Chatted this morning with Dan Sinker, who had the misfortune of having to sit near to me like ten thousand times at the recent London Mozilla Festival.  Yet for some reason, he was still willing to take my call this morning, which I think tells you a lot about Dan — he’s either a man of fortitude, or he’s a little slow.

On what Dan is up to

  • Project lead for the Knight Mozilla News Technology Partnership (MoJo)
  • Take skilled developers, and bring them into the journalism space so they can engage, create code, etc.
  • Previously, spent 3 years teaching tech skills to journalism students
    • They need the skills not because they’re going to program (usually), but so they can speak to the developers
    • Need to understand: what is difficult? what is easy?
    • Eg: Roger Ebert tweeted “I speak restaurant HTML” (reference to “restaurant spanish”: speak the language of the people who are crucial to what you’re doing)  [Note: I now love this phrase!]

On what journalists should know about tech

  • Disagrees that every journalist has to become a programmer.
    • How deep is “programmer”?  People who claim this probably don’t know
  • They need to understand at a conceptual level how the web is built, understand HTML, understand CSS
    • Point and say “oh, that’s HTML”
  • Understand conceptually JS and how it works.  Get beyond “it’s magic!”
  • Understand where to go from there.
  • Understand database manipulation: statistics, data visualization.
    • Any story beyond human interest stories requires working with data sets.
    • Do they have access to analyst experts?  No, but probably some “go to” people in the newsroom who are good at it.
  • On journalism and web security, applicable to investigative journalists
    • Journalism views self as doing much more investigative journalism than it does.
    • Means most journalists would believe they need this stuff, but much fewer do.

On MoJo and “make”ing

  • In 2011, program was centered around idea generation.
    • Propose ideas, good ones move on, eventually turn into hackfest.
    • Problem was not all groups had skillsets to make because it selected for good idea generators.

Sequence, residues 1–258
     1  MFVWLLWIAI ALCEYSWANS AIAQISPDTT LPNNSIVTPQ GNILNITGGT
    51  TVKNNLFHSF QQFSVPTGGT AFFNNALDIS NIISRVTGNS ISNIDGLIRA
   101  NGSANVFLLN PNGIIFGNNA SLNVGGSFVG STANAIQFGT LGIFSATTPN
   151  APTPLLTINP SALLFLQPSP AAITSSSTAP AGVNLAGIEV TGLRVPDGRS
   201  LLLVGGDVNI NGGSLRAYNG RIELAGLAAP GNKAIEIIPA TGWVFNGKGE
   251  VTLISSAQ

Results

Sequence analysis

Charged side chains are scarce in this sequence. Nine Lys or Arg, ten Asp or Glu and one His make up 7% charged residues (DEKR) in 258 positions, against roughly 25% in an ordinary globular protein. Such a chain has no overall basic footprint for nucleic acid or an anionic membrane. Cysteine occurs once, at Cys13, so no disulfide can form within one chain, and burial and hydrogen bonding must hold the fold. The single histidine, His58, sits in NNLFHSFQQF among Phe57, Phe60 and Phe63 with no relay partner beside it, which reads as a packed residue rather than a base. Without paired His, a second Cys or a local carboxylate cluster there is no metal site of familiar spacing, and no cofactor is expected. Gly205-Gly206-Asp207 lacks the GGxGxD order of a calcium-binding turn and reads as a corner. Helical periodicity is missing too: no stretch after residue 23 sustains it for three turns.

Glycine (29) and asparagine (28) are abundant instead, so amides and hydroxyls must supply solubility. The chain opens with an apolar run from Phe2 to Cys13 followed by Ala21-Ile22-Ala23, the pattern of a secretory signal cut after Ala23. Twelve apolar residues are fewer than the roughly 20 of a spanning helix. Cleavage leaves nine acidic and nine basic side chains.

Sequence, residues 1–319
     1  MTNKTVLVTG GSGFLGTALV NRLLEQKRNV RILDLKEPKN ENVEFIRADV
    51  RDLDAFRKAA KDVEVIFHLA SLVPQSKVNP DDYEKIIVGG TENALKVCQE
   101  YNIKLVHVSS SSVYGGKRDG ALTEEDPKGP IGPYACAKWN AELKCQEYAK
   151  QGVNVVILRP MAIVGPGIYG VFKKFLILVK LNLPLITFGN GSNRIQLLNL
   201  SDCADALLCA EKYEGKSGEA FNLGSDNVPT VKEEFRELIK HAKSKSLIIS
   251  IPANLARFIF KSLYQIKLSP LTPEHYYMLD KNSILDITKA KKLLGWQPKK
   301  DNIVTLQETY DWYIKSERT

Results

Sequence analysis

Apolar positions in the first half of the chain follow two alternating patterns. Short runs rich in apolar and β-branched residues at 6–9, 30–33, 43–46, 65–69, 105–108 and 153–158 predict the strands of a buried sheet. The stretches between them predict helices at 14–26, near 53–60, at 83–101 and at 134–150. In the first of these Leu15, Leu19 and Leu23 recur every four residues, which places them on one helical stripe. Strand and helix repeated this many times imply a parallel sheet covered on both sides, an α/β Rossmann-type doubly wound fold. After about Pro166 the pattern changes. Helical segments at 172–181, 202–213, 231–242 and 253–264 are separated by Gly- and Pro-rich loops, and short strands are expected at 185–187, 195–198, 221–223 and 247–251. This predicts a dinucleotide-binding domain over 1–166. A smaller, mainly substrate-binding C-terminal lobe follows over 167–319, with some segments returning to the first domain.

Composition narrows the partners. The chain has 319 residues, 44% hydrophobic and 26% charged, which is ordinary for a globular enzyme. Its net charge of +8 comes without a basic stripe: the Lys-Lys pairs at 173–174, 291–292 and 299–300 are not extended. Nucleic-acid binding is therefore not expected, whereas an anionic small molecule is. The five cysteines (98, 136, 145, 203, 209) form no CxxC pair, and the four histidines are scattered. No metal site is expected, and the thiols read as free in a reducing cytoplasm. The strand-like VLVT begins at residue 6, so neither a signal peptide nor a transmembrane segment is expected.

• Reorient 2012 around making.
    • Distributed, many hackfests.  20-25 smaller making things.
    • Hackfests’ goals are to get folks excited about problem space of journalism.
    • Learning labs around interesting problem spaces. (Visualization, big data, real time feeds, etc.)
    • Problem space of journalism in the last 5 years has become much more fun for developers
  • At an institutional level, change is hard
    • Eg: most coders don’t work in the newsroom.  They were hired for production, so put in a diff building (sometimes a different city).
      • Reinforces lack of collaboration.
      • Reinforces “magic”.
    • Look at a newspaper: why is political, sports, entertainment all together?  Efficient distribution mechanism.  Org still built that way as a result of obsolete system.

On “success”: indications that journalists are web literate

  • More journalism that you can’t see how it would be printed/broadcast.
  • More stories where links are a key understanding component
  • More integration / acknowledgement of the fact that things can be iterative.
    • Stories are built over time, and the web is a key building block where it can happen.
  • Knows people who have made the transition: it often starts with links, then embedding some code, then grows from there.  “Oh, I can add a map.  Can I customize it?  How would I make it do this other thing?”

Final wise thoughts from Dan: “The web is a made thing.  Once you realize that, the magic starts.  Once you realize that, you can take part in the making.